Savings Plan: The 4-1-1 on 401(k) – Part 2

savings plan


A 401(k) savings plan is one of the most popular retirement plans around and can be an extremely effective investment vehicle if you’re lucky enough to have access to one. But getting the most out of a 401(k) requires an understanding of how employer contributions factor into your investment, as well as how — and when — Uncle Sam receives his due.



Leveraging your employer’s contribution match is critical to making the most of a 401(k) investment. From the example in Part 1, Laura’s participation in Lemur Emporium’s 401(k) plan entitles her to receive the company’s matching contribution. That doubles the amount of her investment. By investing just 6 percent of her $50,000 salary for only one year, and having the Emporium match that with its 6 percent, at the end of 20 years (compounded annually and assuming an average 8 percent annual rate of return), Laura could have close to $28,000 — over 9 times what she personally put into the program.

If Laura stays at the Emporium until she retires and keeps contributing 6 percent with the company match, assuming she has a pay increase of 3 percent annually, by the time she reaches 60, she’d have saved more than $350,000. Without the company match, that amount would have been less than $180,000.



There are a number of factors that have an effect on the final total in your bank account, such as how often deposits are made into your account and how frequently interest payments are compounded. Also, the rate of growth in the example — 8 percent — is near the historical, long-term average growth in the broad index of the New York Stock Exchange and a “base” figure often used by financial advisers; however, as we’ve seen, that rate isn’t always positive. Bull and bear markets can affect returns tremendously and even lead to year-to-year losses. You may choose not to invest in the stock market at all, putting your money into less risky investments such as municipal bonds, but you’ll likely also get a lower rate of return. You should talk to a seasoned financial adviser about your savings plan options before making decisions about where and how to invest. The one thing you shouldn’t delay, however, is starting your investment program. The sooner you start, the sooner you’ll begin building your own independent wealth.



Yes, there is a day when taxes come due on that money — when it’s withdrawn. The IRS requires you to withdraw money from the account at rates determined by actuarial tables. You can begin taking withdrawals without a tax penalty at 59 1/2, but you don’t have to take them then. You can let the money keep working. At age 70 1/2, you must begin withdrawing the money and paying taxes on it.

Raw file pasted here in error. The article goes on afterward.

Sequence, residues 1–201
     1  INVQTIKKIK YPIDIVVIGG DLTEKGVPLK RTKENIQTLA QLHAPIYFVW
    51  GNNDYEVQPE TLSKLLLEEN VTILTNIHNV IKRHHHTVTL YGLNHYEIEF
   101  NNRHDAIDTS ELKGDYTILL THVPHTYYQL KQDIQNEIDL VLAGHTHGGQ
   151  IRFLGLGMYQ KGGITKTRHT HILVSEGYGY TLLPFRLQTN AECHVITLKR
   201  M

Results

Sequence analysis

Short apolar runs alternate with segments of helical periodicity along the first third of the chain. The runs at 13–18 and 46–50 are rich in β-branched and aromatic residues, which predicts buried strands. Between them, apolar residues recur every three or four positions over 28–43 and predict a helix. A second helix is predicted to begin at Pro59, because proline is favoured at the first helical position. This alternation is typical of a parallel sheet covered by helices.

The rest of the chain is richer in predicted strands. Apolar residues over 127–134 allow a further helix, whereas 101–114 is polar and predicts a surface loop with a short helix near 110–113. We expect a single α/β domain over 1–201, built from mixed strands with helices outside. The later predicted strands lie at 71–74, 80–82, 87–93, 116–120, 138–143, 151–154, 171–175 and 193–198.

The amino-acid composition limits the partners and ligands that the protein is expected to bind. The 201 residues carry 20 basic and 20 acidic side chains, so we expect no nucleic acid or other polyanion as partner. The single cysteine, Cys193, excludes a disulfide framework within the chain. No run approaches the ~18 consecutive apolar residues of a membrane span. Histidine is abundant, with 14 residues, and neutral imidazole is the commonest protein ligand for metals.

So how is this tax-deferral thing beneficial if you’re going to end up paying taxes anyway?

Two ways: (1) you can earn investment returns on the amount that you would have paid in taxes, increasing the overall value of your account; (2) for many people, income decreases after they retire — less income means lower tax rates, so you’ll end up paying less in taxes on the money you invested when you withdraw it after retirement.



All of the money you contribute from your salary — 100 percent of it — is owned by you from day one. The money contributed by your employer may be subject to a “vesting” period. Typically, the employer retains ownership of the contributions it makes to your plan at the outset, then transfers ownership of those amounts to you over time. That period of time is called the “vesting period.” You’ll typically get ownership over more of the employer’s contributions each year until the end of the vesting period, at which time you’ll own 100 percent of all contributions in the plan at that time, and 100 percent of all future contributions whether you made them or your employer made them.



In most cases, taking money out of your 401(k) savings plan before age 59 1/2 will require that you pay income tax on the money plus a 10 percent penalty. Be aware that, because the distribution may boost your total income for the year, your tax rate could increase, meaning you’d pay tax at a higher rate on all of your income.

This is to discourage people from “raiding” their retirement funds. There are some very specific circumstances under which the IRS will allow you to take money from the account without penalty. Check the IRS website or ask your financial adviser to see if your specific circumstances qualify for such a waiver. In some cases, it’s possible to take a loan from your 401(k) account. There are specific IRS guidelines about these loans, and plan sponsors (i.e., your employer) may impose additional rules, restricting loans against 401(k) accounts as well so be sure to check about your specific circumstance.



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